of those driven into exile ; weary and exhausted, fell by the way-
side, and was left by the brutal soldiery to perish, but with the
pluck and courage of her ancestry, crept under the shelter of
a hay-rick and rested that night, rejoining the exiled clans-
men before reaching the border. Whether the founder of the
family was one of those who returned to Scotland, and hence
emigrated to America in 1745-47, for espousing the cause of
Charles Edward, the Cavalier, or young Pretender, or for the
same cause was pronounced a 'malignant, and dangerous to the
Crown', was compelled to come to America, would account for a
tradition of a strain of Irish hlood among the forbears. Our
first ancestor, name unknown, whether of Scotch or Scotch-Irish,
lineage, married a Scotch lassie, name and date unknown, and emi-
grated to America, settled at Philadelphia, or near there, and
owned land and extensive stone quarries at the mouth of the
Schuylkill River. He made contracts for building houses in
Philadelphia, superintended quarrying and loading stone on
scows, and floating them down that river to the Delaware, and
up to Philadelphia. Our Father, Hugh (1) supervised the con-
tracts for walls and buildings, in many of the old structures in
that city. He was one of the City Guards, the medium in those
days to national enlistment, during the Revolutionary War, but
secured a discharge at the time of his marriage to Margaret
Roxburgh Smith, and moved to what was called the back part
of Pennsylvania, and shortly afterward went to Md., and settled,
on the land of Gen'l. Spregg."
It was soon after his marriage, one year being spent in
Carlisle, (or possibly Greencastle), when he contracted for the
building of a large manor house on General Samuel Ring-
gold's land, which contained some 13,000 acres occupied by ten-
antry. The mansion which father as superintendent, built, was
one hundred feet long with two wings running back making the
whole length three hundred feet. At this time Gen. Ringgold, be-
ing British and a Tory, and becoming encumbered with debts, re-
turned to England, and father being one of the largest debtors
remained there in care of the estate, intending to purchase.
About this time, 1786 or 1790, having settled among slave own-
ers, to keep peace in the community, he purchased several slaves,
but the family, especially my mother, did not like the system,
considering it demoralizing, and in a short time he manumitted
them and employed free negroes, which caused great animosity
among the people, and the slave traders, who once more were
plying their nefarious trade in the Cheseapeake Bay- During
these years at Ringgold Manor, father amassed considerable
money, and had determined to purchase it, but the slave trouble
caused him to consider locating in a free State, so, after a tur-
bulent time with the slave traders, he removed to Greencastle,
Pa., (1798 to 1802).
"A statement in the family says he was obliged on account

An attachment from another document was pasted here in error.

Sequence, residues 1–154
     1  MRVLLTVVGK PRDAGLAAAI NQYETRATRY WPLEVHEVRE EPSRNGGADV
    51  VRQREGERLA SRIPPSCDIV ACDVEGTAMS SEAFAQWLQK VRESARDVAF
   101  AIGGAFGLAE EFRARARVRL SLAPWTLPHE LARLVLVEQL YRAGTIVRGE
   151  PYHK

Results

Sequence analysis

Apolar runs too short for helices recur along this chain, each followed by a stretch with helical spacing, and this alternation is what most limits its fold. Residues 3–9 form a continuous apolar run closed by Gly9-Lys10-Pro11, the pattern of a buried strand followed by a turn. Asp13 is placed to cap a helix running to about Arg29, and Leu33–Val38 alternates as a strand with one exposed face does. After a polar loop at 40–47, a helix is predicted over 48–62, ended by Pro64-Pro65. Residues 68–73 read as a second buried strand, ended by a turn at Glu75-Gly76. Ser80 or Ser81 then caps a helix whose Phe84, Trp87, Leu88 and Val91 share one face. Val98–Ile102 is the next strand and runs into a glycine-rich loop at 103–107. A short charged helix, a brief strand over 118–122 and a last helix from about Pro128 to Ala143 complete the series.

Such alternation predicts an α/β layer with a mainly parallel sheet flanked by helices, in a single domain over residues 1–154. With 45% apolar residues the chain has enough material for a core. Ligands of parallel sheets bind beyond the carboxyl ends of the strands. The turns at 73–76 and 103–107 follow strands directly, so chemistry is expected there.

of the law making the owner responsible for the crimes of freed
slaves, to take them with him into a free state. Here he es-
tablished, at that date, (about 1802, ) a merchantile business, which
he left under the capable direction of his wife Margaret (1)
and his two eldest children, George and Elizabeth, while he
continued contracting until their removal to Ohio.
"In 1804, as I have been told, he went with his son-in-law,
Thomas Fullerton, to Ohio, where he purchased several thou-
sand acres of land of the 'Lucas Survey', in Ross County, at-
tracted there by the Sutherlands, half brothers of his wife and
30ns of Elizabeth Roxburgh Smith, who had married Daniel
Sutherland, about 1768, and moved to Ohio, dying in 1788. This
.and was on the north Fork of Paint Creek, opposite old Chil-
'icothe, now called Frankfort, it being formerly an Indian town.
"The land was leased to tenants and in a year or two the
rent-corn amounted to many thousand bushels, so by 1807 corn
.vas very plentiful, and -eery low in price, but whiskey was very
high and scarce, so Father thought to send James with two fine
.arge copper stills, for the purpose of converting the corn into
.vhiskey. In 1807 James left Greencastle, Pa., well provided
with clothing, books and household effects, accompanied by a
young couple, he, to distill, and she, to keep house. < m the 4U1
day of December they arrived at the place above named, and com-
menced the diabolical work of distilling liquid damnation, con-
sidered a very legitimate business for money-making, at that day
as it still is in this."
"On the 9th day of Feb. [809, father, together with his
family, arrived at our new home and found uncle Robert Suther-
land, who was already in Ohio, awaiting our coming, and wishing
to please the youngsters who would be hungry, had prepared a
large ash-cake, baked in one of the still furnaces. 7 '
So far as we have been able to judge, Margaret Roxburgh
Smith was cut off equally from her family, from this time, except
her mother in Ohio, and "Aunt Betsy" — Lady Dalrymple.
In closing my work on this record, simple justice impels me
to say to the good people who will read this book, that, more than
to anyone, they are indebted for it, to Emma Stewart Lyman,
who has never faltered in her purpose to see it completed ; having
for over two years, given to it in unstinted measure, of time,
thought, and means. Pure in purpose, indomitable in will, ab-
solutely refusing to be discouraged though heavily handicapped,
she has steadily worked on, full of enthusiasm and hope, de-
termined to see these records put into shape to be useful to
those, who in a few years more, could not find a link to bind
them to their "forbears", and the remote past.
Every one who reads this volume, and prizes it as he should,
ought to breathe a prayer of thanks, that one so capable, patient,
and painstaking should have turned aside in her busy life, to write